On Old-Time Video Games

In 1982, my grandfather gave my family an Atari 2600, along with a half-dozen games (like Pac-Man, Combat, and a few others).

It was my first video game system. It’s still around, in the attic of my sister’s house, along with a bunch of games, some of which work, some of which don’t.

About the same time, we got our first computer — a Timex/Sinclair 1000, though that may have been a year earlier. It was an interesting, though rather useless, computer. Using books of BASIC programs, I keyed a few games into the system and saved them to cassette, games like Wumpus. I remember a bowling game, too, which I tried to interest my (other) grandfather in one day, though he wasn’t especially interested. We bought a pre-recorded game for the T/S-1000 — Frogger — though I only ever got it to work maybe twice. That was the problem with cassette storage, it didn’t always work.

Cassette storage vexed me with the next system I had — a TRS-80 Color Computer 2. (This one is also in my sister’s attic.)

What was the first game I played on a computer or a video game console? I don’t know, it was so long ago. I know I played Wumpus and Wumpus 2 on those early computers. I keyed in David Ahl’s “Super Star Trek” on the CoCo, as well. At times, I miss those long ago days; there was something fun about keying a program by hand into a BASIC interpreter and seeing what it did. 🙂 Hopefully, the end result would be worth it. 🙂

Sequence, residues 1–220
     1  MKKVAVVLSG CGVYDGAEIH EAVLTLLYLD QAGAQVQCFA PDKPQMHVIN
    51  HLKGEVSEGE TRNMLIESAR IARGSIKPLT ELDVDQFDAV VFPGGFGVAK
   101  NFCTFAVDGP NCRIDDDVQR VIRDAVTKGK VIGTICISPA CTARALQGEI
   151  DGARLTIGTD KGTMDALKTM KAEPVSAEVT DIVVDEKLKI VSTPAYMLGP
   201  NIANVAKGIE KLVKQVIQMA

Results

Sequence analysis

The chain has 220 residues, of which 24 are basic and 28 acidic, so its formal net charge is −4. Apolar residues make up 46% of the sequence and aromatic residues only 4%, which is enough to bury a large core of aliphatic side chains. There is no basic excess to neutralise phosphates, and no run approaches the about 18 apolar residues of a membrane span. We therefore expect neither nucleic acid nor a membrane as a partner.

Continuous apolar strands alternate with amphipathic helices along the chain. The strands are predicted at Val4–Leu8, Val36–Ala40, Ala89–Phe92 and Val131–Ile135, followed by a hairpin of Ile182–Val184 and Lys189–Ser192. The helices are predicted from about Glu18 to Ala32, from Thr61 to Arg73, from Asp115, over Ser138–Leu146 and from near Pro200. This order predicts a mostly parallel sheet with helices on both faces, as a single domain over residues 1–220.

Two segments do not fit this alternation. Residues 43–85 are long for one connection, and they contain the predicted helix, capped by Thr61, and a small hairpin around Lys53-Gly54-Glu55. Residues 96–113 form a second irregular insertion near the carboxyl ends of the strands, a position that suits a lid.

I loved Combat on the 2600, especially the later levels where you could fly jets or biplanes. Especially the biplanes. I also loved the tank levels, especially with the shells that bounced, because they would bounce everywhere. And I have a great fondness for the Atari 2600 Pac-Man.

In this age of Windows and Linux and the World Wide Web, those 8-bit (or less!) days seem on occasion like such a simpler, yet more fulfilling, time.

Published by Allyn

A writer, editor, journalist, sometimes coder, occasional historian, and all-around scholar, Allyn Gibson is the writer for Diamond Comic Distributors' monthly PREVIEWS catalog, used by comic book shops and throughout the comics industry, and the editor for its monthly order forms. In his over ten years in the industry, Allyn has interviewed comics creators and pop culture celebrities, covered conventions, analyzed industry revenue trends, and written copy for comics, toys, and other pop culture merchandise. Allyn is also known for his short fiction (including the Star Trek story "Make-Believe,"the Doctor Who short story "The Spindle of Necessity," and the ReDeus story "The Ginger Kid"). Allyn has been blogging regularly with WordPress since 2004.

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